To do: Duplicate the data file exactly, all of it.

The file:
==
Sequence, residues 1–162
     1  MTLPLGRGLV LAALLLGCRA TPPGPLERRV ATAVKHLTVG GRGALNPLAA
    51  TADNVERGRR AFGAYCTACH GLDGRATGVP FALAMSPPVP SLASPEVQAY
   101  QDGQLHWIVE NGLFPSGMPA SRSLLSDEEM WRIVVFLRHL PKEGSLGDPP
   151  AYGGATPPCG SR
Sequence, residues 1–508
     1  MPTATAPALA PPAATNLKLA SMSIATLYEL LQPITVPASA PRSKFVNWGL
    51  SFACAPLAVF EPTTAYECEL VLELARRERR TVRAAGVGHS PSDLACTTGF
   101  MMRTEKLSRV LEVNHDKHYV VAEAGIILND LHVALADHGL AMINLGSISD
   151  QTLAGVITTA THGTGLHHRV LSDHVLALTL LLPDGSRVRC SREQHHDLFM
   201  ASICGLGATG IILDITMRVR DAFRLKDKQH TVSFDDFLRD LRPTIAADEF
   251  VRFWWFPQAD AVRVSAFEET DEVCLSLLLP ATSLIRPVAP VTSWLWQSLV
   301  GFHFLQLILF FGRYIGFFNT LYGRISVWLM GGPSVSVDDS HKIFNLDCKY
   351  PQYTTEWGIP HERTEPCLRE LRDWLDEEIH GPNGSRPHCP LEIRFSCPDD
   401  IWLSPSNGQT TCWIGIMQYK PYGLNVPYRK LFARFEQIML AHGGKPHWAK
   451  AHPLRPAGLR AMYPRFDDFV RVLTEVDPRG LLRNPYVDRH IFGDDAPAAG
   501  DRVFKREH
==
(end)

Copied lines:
Sequence, residues 1–162
     1  MTLPLGRGLV LAALLLGCRA TPPGPLERRV ATAVKHLTVG GRGALNPLAA
    51  TADNVERGRR AFGAYCTACH GLDGRATGVP FALAMSPPVP SLASPEVQAY
   101  QDGQLHWIVE NGLFPSGMPA SRSLLSDEEM WRIVVFLRHL PKEGSLGDPP
   151  AYGGATPPCG SR
Sequence, residues 1–508
     1  MPTATAPALA PPAATNLKLA SMSIATLYEL LQPITVPASA PRSKFVNWGL
    51  SFACAPLAVF EPTTAYECEL VLELARRERR TVRAAGVGHS PSDLACTTGF
   101  MMRTEKLSRV LEVNHDKHYV VAEAGIILND LHVALADHGL AMINLGSISD
   151  QTLAGVITTA THGTGLHHRV LSDHVLALTL LLPDGSRVRC SREQHHDLFM
   201  ASICGLGATG IILDITMRVR DAFRLKDKQH TVSFDDFLRD LRPTIAADEF
   251  VRFWWFPQAD AVRVSAFEET DEVCLSLLLP ATSLIRPVAP VTSWLWQSLV
   301  GFHFLQLILF FGRYIGFFNT LYGRISVWLM GGPSVSVDDS HKIFNLDCKY
   351  PQYTTEWGIP HERTEPCLRE LRDWLDEEIH GPNGSRPHCP LEIRFSCPDD
   401  IWLSPSNGQT TCWIGIMQYK PYGLNVPYRK LFARFEQIML AHGGKPHWAK
   451  AHPLRPAGLR AMYPRFDDFV RVLTEVDPRG LLRNPYVDRH IFGDDAPAAG
   501  DRVFKREH